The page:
To Dr. ZPosted by Pauline on 8/05/04 at 13:25 (156991)
I've been hearing about a place called 'Grounds For Sculpture' in Trenton N.J. and it's restaurant called Rat's. Have you ever visited or eaten there? The Restaurant is suppose to be gourmet French Cuisine.
I think one of the Johnson heirs founded the art grounds and the restaruant came later.
Is it worth a trip???
Re: To Dr. ZDr. Z on 8/05/04 at 20:42 (157025)
I never have visit and or eaten there. I know some friends in that area who eat out alot. I will call and ask them. The name Rat's stands out in my mind. I live in Southern New Jersey. Trenton is about one hour north of where I live.
Re: To Dr. ZPauline on 8/06/04 at 07:57 (157047)
The art grounds really interest me and I thought we could make a long week end trip if they are still in as good a shape as shown in all the pictures I've seen.
Rat's an interesting name for a restaurant, but then I think Johnson enjoyed spoofing people.
Re: To Dr. Zjohn h on 8/06/04 at 10:26 (157069)
Trenton was about 1 hour north of where I lived Dr. Z (Wrightstown) and one hour north of where my daughter was born (Mt Holly). Fortunately we got her out of N.J. before she picked up that N.J. accent. Back to the south where she had to learn to talk Southern. My wife had never been north of Atlanta when we arrived in Jersey.
Re: To Dr. ZKathy G on 8/06/04 at 13:22 (157076)
My daughter-in-law, who grew up in North Caldwell, NJ has worked very hard to lose her New Jersey accent. She rarely sounds 'New Jersey' now but when she does, we all have hysterics. On the other hand, I have a terrible Massachusetts accent. I don't sound like the Kennedy's or Kerry. The Kennedy's don't sound like anyone but themeselves. Their accents aren't even close to typical Bostonians. And Kerry doesn't have as much of an accent as I do. Here in southern NH, they don't have a real New Hampshire accent. They sound almost generic. I, on the other hand, having learned to talk in Methuen, MA, still say 'cahn't,' 'bahth,' 'pahth,' and all the attendant mispronunciations. I tried, for a while, to lose it but at a certain point, I decided I don't care! I talk so much, I would have been exhausted from the effort!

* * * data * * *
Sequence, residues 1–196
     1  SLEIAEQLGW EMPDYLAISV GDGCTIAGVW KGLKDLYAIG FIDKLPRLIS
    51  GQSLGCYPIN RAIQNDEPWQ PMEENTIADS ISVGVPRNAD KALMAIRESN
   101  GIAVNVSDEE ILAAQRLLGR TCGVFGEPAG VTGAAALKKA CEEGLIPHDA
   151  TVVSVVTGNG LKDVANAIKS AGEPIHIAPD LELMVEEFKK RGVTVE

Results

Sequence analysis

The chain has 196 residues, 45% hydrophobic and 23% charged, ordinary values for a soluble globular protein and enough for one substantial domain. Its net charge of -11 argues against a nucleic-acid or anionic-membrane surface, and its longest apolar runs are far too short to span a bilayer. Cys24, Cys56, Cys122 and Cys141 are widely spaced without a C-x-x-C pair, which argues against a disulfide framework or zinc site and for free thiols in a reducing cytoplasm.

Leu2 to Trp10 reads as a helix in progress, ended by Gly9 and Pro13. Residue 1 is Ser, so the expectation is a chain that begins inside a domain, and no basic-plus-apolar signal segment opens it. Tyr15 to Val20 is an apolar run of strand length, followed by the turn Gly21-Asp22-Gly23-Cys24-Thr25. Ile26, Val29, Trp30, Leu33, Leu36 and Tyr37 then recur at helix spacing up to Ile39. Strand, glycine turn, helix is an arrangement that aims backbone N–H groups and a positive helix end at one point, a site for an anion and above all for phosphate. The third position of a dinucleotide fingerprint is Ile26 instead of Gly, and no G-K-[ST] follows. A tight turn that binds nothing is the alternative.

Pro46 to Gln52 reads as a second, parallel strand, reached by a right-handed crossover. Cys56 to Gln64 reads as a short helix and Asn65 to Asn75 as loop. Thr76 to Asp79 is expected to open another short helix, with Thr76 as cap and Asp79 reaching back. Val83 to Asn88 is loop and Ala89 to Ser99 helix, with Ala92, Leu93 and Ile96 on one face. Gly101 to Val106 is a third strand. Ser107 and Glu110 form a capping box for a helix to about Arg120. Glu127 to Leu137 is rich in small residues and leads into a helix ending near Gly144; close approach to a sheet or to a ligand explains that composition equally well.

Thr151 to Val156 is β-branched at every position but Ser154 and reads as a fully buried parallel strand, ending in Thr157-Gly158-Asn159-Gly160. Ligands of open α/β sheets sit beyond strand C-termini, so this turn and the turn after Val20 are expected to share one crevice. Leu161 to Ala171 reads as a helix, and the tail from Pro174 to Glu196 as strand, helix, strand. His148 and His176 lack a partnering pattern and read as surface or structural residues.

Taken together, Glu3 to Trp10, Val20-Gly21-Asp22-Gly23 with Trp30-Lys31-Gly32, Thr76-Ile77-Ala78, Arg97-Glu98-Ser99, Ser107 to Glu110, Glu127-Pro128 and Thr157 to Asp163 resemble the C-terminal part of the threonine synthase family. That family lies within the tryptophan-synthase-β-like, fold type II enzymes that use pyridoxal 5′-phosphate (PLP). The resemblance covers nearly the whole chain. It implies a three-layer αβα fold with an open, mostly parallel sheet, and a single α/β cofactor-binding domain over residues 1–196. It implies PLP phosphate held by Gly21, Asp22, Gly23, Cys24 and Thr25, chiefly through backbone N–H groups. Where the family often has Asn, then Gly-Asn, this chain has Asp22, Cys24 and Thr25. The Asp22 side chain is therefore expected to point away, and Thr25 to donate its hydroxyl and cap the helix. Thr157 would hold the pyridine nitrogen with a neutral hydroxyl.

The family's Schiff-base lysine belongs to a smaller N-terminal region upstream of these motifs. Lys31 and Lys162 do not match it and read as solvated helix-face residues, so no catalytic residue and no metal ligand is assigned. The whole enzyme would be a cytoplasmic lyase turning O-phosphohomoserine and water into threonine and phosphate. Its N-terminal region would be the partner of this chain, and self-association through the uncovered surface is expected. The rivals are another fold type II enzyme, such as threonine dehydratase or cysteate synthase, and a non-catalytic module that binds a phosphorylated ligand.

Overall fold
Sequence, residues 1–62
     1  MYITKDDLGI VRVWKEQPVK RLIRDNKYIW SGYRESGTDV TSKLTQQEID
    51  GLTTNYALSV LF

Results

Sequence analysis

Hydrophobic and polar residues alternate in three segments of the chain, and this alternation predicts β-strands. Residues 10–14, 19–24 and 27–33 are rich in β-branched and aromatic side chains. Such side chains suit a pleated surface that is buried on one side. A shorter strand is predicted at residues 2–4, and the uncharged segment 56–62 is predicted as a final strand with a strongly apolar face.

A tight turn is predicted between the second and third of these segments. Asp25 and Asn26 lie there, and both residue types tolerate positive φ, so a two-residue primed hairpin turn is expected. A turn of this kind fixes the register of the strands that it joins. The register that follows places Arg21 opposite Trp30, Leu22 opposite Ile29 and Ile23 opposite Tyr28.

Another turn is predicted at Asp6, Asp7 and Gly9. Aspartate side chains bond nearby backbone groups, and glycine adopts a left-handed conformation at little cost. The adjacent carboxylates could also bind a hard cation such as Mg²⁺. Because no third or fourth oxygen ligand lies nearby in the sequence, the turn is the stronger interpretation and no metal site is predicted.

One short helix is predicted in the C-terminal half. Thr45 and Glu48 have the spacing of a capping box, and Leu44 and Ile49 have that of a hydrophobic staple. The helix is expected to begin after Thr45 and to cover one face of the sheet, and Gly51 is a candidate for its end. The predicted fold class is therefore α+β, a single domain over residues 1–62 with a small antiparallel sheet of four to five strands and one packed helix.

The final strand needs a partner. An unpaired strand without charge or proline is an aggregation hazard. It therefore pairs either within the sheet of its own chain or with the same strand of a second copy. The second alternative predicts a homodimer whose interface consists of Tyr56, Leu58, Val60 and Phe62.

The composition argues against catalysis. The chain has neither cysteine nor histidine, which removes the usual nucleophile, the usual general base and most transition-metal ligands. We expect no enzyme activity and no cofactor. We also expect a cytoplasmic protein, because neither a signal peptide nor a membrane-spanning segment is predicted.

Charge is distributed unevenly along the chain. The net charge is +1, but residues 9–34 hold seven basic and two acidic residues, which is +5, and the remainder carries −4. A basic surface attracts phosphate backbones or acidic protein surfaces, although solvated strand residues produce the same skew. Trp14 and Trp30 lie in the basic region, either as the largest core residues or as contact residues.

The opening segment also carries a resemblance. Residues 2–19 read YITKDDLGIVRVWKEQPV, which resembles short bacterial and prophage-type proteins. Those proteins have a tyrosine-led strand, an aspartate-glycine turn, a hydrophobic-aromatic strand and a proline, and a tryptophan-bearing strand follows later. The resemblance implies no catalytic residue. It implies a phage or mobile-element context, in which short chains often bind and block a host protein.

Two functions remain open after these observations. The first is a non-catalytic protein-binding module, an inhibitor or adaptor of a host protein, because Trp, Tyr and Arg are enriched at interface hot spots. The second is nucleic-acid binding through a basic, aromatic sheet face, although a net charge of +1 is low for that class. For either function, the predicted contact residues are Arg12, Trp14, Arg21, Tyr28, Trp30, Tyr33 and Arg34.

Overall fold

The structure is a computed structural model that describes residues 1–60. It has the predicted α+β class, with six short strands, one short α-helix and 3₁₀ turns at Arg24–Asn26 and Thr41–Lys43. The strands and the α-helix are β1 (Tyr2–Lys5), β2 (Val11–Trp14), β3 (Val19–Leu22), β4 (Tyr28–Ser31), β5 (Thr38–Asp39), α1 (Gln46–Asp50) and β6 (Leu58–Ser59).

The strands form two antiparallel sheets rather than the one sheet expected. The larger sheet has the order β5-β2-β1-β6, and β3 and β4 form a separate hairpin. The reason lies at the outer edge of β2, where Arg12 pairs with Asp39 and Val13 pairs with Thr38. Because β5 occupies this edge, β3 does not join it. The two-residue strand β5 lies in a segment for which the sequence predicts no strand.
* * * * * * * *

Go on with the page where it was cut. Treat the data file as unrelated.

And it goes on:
I once met a man who was an expert on dialects and he said that by the age of eight, many people have established their speech patterns and it is only with great effort that they can change them.
I guess I'm just lazy! I 'cahn't' stop myself from talking funny!
Re: Re:You'd do just grahnd in England, Kathy (nm).Julie on 8/06/04 at 15:04 (157081)
Re: accentSuzanne D. on 8/06/04 at 15:10 (157083)
I think accents are so interesting! I agree with you, Kathy; it's just too much work to try to change my accent. It is part of who I am! I strive to always use good grammar, but my southern Kentucky accent stays.
I was amused thinking of how differently you and I say 'cahn't'! My can't sounds like 'cane' with a t on the end. I did run into trouble with that one day. There is a delightful children's rhyming book entitled I CAN'T, SAID THE ANT. I remarked to my daughter that I loved the book but just didn't understand why every page had such enchanting rhymes, but the title didn't even rhyme! She just looked at me and smiled, and then I got it! I do try to say the generic 'can't' when I read that book so that it rhymes with ant! And, by the way, neither of my daughters say 'cane't' like me.
Re: accentKathy in Ky on 8/08/04 at 20:26 (157224)
Your 'cane't' reminded me of the way my area said 'West Consin' instead of Wisconsin. I was in college before I realized it was pronounced with a short i. Of course, all my teachers & family grew up in the same area & didn't find anything wrong with our pronounciation. Now that I teach in southern Ohio, I try my best to shorten my vowels but my co-workers think I say 'py' for pie. I do think a lot of the eastern Ky dialect is being lost due to technology & travel. The teenagers don't seem to have as much southern drawl as my peers. Y'all have a good week!
Re: accentRichard, C.Ped on 8/09/04 at 12:13 (157258)
My three year old daughter is a blast to listen to with her southern accent. Everything that is usually one syllable is two or three syllables.